The administration offers mandatory insurance (at the expense of international students), ever since the provincial government stopped offering healthcare benefits to international students in the 1990s.

They have established the international tuition bursary for graduate students intended to ameliorate the financial burdens of international student tuition fees.

Even right now, there are dedicated and hardworking staff members that are proactively strategizing and planning internationalization at Queen’s.

This process, however, must come with a strategy focused on international student needs. Internationalization must not only be an attempt to raise Queen’s’ profile worldwide, but an attempt to listen to our international students and enhance their experience here.

This is admittedly challenging to accomplish, as cultural and language barriers tend to impede international students in voicing their concerns.

Furthermore, most international students are heavily clustered around natural and applied sciences that often breed apolitical and complacent cultures.

In a preliminary report conducted by the Society of Graduate and Professional Students (SGPS) equity office, there were five identified core issues facing international students. First, barriers imposed by tuition fees and the University Health Insurance Premium (roughly $800 a year) impose significant strains on their financial health and at times academic quality.

While it may be hard to curb tuition fees for international students, the Office of Advancement can play a crucial role in establishing bursaries and grants aimed at reducing these burdens.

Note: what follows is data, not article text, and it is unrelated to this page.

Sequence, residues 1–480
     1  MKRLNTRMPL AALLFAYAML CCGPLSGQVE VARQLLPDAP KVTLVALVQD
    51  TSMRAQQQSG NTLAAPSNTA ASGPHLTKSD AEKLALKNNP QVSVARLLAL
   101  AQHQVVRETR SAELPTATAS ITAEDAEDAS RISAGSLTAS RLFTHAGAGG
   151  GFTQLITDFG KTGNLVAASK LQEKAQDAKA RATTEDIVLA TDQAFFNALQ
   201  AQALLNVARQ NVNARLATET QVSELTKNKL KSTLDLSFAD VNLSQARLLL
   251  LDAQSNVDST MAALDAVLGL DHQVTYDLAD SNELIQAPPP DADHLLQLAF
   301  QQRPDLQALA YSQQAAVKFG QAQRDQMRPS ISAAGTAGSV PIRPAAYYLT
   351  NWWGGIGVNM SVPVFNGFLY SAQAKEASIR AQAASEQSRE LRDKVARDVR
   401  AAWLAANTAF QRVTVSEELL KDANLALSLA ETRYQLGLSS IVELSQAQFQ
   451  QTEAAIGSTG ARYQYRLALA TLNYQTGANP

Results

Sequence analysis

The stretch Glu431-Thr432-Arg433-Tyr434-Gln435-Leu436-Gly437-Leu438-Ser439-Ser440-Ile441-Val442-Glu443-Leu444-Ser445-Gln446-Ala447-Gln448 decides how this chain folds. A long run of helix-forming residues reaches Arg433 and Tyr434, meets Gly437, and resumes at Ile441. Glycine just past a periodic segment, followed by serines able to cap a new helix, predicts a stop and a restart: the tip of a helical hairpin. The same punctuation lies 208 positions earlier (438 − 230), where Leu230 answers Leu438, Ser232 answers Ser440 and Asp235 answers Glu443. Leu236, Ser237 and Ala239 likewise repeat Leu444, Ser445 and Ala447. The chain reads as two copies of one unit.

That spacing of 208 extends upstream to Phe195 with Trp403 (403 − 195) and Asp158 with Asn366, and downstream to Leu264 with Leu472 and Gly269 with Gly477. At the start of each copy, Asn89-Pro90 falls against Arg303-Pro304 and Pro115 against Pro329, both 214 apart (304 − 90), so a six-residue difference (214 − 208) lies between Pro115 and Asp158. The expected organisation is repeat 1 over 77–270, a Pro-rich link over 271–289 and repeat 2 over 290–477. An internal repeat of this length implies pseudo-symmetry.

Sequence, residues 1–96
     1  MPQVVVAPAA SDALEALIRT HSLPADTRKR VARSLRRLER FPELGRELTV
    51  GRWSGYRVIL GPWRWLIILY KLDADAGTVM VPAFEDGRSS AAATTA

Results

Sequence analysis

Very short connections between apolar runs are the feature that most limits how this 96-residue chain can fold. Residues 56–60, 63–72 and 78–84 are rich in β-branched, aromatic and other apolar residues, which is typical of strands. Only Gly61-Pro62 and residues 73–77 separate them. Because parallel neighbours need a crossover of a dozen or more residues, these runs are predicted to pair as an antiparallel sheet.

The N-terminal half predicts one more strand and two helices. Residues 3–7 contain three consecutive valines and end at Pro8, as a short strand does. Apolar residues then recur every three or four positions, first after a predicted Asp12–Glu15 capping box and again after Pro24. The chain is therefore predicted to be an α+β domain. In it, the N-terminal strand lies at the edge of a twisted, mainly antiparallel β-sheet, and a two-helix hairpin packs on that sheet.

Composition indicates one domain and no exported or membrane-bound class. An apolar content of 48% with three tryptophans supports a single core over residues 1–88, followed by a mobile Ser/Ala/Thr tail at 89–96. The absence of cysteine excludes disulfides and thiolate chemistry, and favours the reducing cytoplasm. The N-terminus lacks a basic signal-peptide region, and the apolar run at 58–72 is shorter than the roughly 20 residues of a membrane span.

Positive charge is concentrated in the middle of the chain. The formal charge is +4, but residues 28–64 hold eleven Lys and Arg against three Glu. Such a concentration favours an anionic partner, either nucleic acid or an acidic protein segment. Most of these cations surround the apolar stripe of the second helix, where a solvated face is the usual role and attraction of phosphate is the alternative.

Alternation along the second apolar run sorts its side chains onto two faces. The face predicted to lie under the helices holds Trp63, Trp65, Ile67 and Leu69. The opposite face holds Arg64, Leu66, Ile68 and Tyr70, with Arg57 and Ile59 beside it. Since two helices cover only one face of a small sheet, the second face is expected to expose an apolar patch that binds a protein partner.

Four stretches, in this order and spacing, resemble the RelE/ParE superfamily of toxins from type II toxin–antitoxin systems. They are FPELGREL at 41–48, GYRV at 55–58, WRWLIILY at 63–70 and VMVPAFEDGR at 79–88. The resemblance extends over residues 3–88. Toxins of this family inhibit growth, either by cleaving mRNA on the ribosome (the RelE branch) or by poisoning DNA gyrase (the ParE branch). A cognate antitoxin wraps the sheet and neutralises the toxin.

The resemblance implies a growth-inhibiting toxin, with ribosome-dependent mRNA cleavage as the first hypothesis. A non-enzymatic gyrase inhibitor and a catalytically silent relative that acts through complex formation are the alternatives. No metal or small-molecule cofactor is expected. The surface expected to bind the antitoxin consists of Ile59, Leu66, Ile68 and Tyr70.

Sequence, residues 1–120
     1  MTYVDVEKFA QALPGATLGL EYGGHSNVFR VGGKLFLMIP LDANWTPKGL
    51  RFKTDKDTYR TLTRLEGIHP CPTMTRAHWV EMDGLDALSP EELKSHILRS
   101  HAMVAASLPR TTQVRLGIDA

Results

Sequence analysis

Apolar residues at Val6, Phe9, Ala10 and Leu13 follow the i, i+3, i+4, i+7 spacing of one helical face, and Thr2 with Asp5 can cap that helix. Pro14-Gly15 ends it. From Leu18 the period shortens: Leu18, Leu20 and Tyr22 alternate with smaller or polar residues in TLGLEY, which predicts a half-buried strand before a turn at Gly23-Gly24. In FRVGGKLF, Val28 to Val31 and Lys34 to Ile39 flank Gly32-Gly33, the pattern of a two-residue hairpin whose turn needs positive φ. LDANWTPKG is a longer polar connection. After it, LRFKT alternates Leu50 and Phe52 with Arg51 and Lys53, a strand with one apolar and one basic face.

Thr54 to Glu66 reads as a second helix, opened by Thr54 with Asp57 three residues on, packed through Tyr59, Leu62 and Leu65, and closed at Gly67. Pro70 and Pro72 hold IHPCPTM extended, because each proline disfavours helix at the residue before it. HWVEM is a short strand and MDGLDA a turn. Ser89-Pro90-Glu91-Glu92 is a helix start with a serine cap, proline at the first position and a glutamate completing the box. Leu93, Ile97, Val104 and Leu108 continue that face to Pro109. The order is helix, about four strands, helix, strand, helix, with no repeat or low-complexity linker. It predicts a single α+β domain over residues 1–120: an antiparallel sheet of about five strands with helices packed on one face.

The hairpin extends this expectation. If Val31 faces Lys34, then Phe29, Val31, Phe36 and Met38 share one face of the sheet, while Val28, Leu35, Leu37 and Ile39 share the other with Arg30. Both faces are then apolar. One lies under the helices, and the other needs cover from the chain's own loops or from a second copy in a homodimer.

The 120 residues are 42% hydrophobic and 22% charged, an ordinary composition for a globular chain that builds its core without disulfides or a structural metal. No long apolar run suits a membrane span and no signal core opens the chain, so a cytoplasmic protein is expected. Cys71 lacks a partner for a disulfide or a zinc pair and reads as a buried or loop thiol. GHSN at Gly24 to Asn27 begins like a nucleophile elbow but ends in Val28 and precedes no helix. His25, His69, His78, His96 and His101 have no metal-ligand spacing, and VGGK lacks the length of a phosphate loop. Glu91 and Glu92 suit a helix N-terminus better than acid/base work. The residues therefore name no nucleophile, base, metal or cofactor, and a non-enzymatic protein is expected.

Furthermore, student societies can initiate similar bursaries and grants from modest student activity fees.

Second, academic resources are heavily focused on North American and European topics. Aside from failing to attract students specializing in non-Western fields and diverse perspectives, international students may feel disconnected and overwhelmed by dominant Eurocentric courses. Investment in academic databases, books, lecturers, researchers and programs with non-Western focuses are crucial in providing a friendly academic environment for international students.

Third, there is no centralized and visible space belonging to international students. Aside from limited housing and administrative space, international students are incapable of reciprocating their backgrounds into the Queen’s community.

Investment in infrastructure and space that is central and visible on the Queen’s campus must accompany any long-term internationalization strategy.

Fourth, professors and research supervisors have been shown to systemically take advantage of international students’ cultural, legal and financial disadvantages.

Instances of derogatory remarks and threats by faculty towards students seem to be disproportionately experienced by international students.

There must be entrenched policies that shift the power balance in favour of international students in student-faculty relations.

Fifth, international students face endemic cultural and language barriers that adversely affect mental health. These can be ameliorated by the expansion of programs in QUIC and counselling services that attempt to address these issues.

So let’s take a moment and think about how Queen’s is going to internationalize.

I feel that we as international students require more intricate planning than the Predictable Tuition Framework.

Amir Nosrat is international coordinator in the Society of Graduate and Professional Students (SGPS).